Learning to respect others is important.

Is the object: "to respect others" or "to respect"?

  • The only object is "others", which is object of "respect". The subordinate clause "to respect others" is complement of "learning".
    – BillJ
    May 24 '21 at 7:22
  • @BillJ Hi. Uhm, thanks for your answer but if I ask a question like this: Learning what is important?, the response will be to respect others.. Am I wrong? May 24 '21 at 7:26
  • Yes, the noun phrase "others" is object of respect, but "to respect others" is not a noun phrase but a clause, and clauses can't be objects.
    – BillJ
    May 24 '21 at 7:38
  • @BillJ "to respect others" isn't a subordinate clause; and clauses can be objects: "I know what you did last summer"
    – gotube
    May 24 '21 at 8:41
  • Within the gerund phrase, "Learning to respect others", "to respect others" is the object of the gerund "learning". "Others" is the only object of the sentence itself.
    – gotube
    May 24 '21 at 8:42

Learning [to respect others] is important.

The bracketed element, an infinitival clause, is not object but complement of the catenative verb "learning".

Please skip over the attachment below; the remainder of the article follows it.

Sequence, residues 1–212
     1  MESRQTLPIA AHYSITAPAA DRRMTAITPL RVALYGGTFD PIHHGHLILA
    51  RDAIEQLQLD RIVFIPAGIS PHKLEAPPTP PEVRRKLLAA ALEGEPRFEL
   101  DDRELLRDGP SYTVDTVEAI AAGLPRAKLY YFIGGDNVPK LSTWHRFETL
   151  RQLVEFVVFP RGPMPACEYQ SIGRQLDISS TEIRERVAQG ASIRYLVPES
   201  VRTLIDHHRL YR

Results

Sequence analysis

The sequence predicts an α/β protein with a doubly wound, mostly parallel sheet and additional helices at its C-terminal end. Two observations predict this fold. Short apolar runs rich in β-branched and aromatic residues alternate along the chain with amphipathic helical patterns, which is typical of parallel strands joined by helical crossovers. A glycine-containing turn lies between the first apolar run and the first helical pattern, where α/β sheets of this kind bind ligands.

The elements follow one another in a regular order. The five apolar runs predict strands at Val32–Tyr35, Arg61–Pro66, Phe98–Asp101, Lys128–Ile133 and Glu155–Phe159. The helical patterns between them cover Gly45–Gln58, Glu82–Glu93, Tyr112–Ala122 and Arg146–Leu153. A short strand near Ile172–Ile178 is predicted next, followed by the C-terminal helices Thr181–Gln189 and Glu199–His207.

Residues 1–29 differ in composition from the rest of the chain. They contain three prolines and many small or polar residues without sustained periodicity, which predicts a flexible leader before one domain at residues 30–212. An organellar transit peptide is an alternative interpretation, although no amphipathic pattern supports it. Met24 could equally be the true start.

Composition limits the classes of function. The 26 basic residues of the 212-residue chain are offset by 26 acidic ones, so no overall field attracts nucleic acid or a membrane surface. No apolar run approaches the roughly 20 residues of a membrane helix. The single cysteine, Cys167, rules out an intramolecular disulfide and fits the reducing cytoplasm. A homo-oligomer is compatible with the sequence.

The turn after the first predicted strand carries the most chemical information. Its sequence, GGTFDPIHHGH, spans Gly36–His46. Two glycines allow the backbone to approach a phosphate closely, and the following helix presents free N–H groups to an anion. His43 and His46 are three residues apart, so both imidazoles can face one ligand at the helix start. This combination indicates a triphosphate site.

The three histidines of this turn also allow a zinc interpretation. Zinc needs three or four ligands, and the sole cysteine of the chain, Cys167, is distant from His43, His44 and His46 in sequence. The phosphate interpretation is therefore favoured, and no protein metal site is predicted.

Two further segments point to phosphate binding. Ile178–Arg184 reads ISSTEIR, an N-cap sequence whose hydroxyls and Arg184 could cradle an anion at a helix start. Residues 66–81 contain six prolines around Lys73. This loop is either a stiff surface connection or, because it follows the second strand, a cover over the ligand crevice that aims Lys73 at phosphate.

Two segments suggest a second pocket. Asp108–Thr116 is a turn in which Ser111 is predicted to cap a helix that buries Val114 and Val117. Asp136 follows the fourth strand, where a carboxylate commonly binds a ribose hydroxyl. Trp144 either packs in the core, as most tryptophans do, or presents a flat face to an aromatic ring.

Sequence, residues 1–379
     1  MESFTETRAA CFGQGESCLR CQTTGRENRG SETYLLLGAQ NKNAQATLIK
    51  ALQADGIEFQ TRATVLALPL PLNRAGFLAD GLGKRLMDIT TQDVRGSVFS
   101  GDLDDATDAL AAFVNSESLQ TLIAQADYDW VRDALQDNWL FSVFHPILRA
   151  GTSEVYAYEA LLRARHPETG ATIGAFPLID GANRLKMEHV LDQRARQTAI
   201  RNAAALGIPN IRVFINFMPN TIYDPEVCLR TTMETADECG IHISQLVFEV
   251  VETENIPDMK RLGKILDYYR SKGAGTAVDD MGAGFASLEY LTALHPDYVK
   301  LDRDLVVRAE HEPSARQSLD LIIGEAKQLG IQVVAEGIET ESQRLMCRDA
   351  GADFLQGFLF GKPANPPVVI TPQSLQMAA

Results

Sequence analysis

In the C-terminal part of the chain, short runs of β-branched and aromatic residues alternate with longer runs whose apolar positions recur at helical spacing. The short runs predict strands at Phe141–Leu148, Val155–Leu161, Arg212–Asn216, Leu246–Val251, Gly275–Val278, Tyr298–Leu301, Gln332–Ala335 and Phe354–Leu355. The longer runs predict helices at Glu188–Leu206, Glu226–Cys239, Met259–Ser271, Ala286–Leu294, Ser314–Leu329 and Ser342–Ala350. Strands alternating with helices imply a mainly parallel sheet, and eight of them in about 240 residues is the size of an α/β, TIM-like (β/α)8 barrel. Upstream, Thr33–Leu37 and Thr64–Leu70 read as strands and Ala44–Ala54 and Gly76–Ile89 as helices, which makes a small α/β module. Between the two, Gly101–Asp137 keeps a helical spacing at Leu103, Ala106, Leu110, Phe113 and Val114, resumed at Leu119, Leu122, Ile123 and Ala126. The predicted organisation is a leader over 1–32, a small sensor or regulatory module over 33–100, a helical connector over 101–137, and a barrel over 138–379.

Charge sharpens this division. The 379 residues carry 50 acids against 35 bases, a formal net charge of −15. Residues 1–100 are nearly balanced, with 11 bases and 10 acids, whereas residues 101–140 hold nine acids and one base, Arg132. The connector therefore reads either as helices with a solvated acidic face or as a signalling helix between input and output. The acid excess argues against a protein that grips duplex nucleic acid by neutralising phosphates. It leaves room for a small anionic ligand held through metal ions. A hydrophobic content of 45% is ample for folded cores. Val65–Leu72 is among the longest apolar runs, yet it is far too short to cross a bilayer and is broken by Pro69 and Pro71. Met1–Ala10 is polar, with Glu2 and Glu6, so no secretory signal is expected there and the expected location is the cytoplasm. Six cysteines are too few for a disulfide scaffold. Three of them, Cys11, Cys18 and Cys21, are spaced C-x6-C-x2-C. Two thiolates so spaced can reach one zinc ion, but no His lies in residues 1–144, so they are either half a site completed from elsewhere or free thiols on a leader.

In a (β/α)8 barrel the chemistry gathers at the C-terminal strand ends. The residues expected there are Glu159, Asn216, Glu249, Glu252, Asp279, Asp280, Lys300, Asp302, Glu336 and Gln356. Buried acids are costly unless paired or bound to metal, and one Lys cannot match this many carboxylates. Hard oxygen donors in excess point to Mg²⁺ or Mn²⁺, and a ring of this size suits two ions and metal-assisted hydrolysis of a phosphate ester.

Within the complement clause, the NP "others" is object of "respect".

There are no other objects.

Note that (with one minor exception) only NPs, not clauses, can be objects.

  • Subordinate clauses, which can't stand alone, have three main purposes in life. A subordinate clause can describe nouns and pronouns; describe verbs, adverbs, and adjectives; or at act as the subject or object of another clause. in here, it’s been stated that clauses can be objects. May 24 '21 at 16:28
  • @NUMERICALUDD That's wrong! A subordinate clause cannot function as an object. I've already told you that twice. Whoever or whatever told you otherwise is wrong. (Btw, they don't modify adverbs, either).
    – BillJ
    May 24 '21 at 16:51

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